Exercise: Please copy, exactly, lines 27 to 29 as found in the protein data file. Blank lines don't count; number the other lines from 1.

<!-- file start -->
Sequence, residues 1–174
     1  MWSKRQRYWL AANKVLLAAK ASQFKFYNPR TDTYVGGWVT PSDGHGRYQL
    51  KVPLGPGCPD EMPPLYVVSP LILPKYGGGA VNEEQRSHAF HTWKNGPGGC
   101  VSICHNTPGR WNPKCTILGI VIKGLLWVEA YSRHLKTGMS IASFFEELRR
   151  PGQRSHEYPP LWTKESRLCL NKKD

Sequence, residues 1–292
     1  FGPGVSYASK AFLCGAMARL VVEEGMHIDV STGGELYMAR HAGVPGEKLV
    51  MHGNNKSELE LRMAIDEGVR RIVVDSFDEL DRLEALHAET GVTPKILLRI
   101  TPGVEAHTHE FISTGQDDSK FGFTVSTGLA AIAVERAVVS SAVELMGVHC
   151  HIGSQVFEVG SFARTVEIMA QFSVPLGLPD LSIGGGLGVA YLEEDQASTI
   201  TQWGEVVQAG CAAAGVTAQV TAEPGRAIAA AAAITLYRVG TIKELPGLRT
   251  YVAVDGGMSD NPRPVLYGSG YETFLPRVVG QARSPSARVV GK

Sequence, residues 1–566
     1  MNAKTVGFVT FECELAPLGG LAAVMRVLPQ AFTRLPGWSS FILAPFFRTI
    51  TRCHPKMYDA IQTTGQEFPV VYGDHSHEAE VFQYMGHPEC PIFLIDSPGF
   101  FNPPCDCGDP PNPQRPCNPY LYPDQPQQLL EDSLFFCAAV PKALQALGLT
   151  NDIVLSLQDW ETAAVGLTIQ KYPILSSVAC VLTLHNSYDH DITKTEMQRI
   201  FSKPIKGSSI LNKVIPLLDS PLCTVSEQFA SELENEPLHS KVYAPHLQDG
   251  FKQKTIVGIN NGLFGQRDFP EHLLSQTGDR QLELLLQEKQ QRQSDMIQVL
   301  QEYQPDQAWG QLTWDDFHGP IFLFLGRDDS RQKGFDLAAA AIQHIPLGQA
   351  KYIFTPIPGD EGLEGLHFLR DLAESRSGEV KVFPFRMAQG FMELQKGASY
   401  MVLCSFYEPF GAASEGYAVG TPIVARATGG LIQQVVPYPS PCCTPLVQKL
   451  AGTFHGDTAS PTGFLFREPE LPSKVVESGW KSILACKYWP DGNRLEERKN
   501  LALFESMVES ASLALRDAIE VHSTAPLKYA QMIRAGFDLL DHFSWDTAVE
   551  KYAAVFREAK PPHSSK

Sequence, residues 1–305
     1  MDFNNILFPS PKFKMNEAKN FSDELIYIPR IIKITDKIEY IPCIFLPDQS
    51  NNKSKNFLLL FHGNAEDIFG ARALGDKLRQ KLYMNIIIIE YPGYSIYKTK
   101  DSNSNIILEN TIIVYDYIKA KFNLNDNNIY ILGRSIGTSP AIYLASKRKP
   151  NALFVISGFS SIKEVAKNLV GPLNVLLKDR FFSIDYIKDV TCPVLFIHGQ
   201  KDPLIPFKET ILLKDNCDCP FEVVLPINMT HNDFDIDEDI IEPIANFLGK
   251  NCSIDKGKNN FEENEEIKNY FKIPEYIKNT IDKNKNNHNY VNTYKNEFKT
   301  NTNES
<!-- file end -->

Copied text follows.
     1  MDFNNILFPS PKFKMNEAKN FSDELIYIPR IIKITDKIEY IPCIFLPDQS
    51  NNKSKNFLLL FHGNAEDIFG ARALGDKLRQ KLYMNIIIIE YPGYSIYKTK
   101  DSNSNIILEN TIIVYDYIKA KFNLNDNNIY ILGRSIGTSP AIYLASKRKP